In 1999 young, naive, and enthusiastic Dr. Randy Christensen begged his superiors for the chance to head a new mobile clinic targeting homeless and forgotten teens. Little did he realize the challenges, heartache, and positive changes that would come with the 38 foot revamped Winnebago. It wasn't until I read Christensen's book that I realized the health dangers of living outside in a climate like Phoenix's - heats that soar past 100 in the daytime, followed by chilly nights, coupled with insects and snakes. Everyday a homeless teen spends in the desert, parks, underpasses, and sewer runoff tunnels is a threat to their well being. Countless times Christensen removed cockroaches embedded in ears which had caused rampant infections in compromised immune system. Christensen tells his story with heartfelt compassion, written with modesty regarding his own accomplishments, and genuine humor to his occasional mishaps. Within the pages are stories, we have already heard too often -- government bureaucracy and short sightedness getting in the way of truly helping individuals in need. One young woman mentally ill with an obvious personality disorder was brought to the van over a two year period by other street kids watching out for her. Randy and his staff could treat her for her cuts, infections, and daily needs, but could never get her into a mental health facility because she was too ill to give her real name and she no identification. Without identification, she could not get Arizona's medicaid. Without that, no facility would take her. Law officials could no nothing because she did not present a threat to others. Another difficult passage to read about is his medical team's emergency trip to Lousiana following Hurricane Katrina. I ached as he told of older poor people who had tried to get life sustaining prescriptions (heart, blood pressure meds) filled before the hurricane hit, only to be told by pharmacies that they couldn't fill the prescriptions because the required number of days hadn't elapsed. As they waited, the hurricane hit, the pharmacies were ravaged or deserted, and the poor elderly were left behind with no medical care. Anyone of you whose health would be compromised if your medications couldn't be refilled? What if you didn't have the money to cover the cost if your insurance or medicare suddenly said "no" ?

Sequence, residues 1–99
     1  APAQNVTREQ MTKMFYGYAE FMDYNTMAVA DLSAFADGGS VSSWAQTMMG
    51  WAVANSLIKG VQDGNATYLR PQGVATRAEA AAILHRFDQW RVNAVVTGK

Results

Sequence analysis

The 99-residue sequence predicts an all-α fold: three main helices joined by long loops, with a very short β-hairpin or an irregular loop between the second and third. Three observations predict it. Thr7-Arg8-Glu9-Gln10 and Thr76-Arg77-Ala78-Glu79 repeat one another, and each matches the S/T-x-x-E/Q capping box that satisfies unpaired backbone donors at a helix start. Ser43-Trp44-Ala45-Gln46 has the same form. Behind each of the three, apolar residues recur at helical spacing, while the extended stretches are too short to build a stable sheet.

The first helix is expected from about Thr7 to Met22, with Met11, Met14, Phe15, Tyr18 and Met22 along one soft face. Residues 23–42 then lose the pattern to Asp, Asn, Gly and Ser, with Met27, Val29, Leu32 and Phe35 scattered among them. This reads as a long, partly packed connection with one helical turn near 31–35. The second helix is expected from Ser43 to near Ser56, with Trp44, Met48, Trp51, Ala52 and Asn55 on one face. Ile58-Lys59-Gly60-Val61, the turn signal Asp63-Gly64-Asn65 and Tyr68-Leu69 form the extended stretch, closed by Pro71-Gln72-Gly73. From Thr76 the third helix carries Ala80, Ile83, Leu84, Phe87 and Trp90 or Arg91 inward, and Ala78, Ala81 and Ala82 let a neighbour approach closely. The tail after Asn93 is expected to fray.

Randy's writing (as told to Rene Denfelt) covers a decade with the medical van and presents a well chosen mix of successes, failures, and personal family interludes.
You will be reminded that there are forgotten children, teens, and young adults in our country -- probably in each city and state. Randy and Rene will introduce you to a powerful handful of people who care enough to choose jobs of service, rather than financial gain and prestige. Join them on their personal mission of caring and healing. This is a good read to kick us out of our comfort zones and to adjust our myopic vision of our world.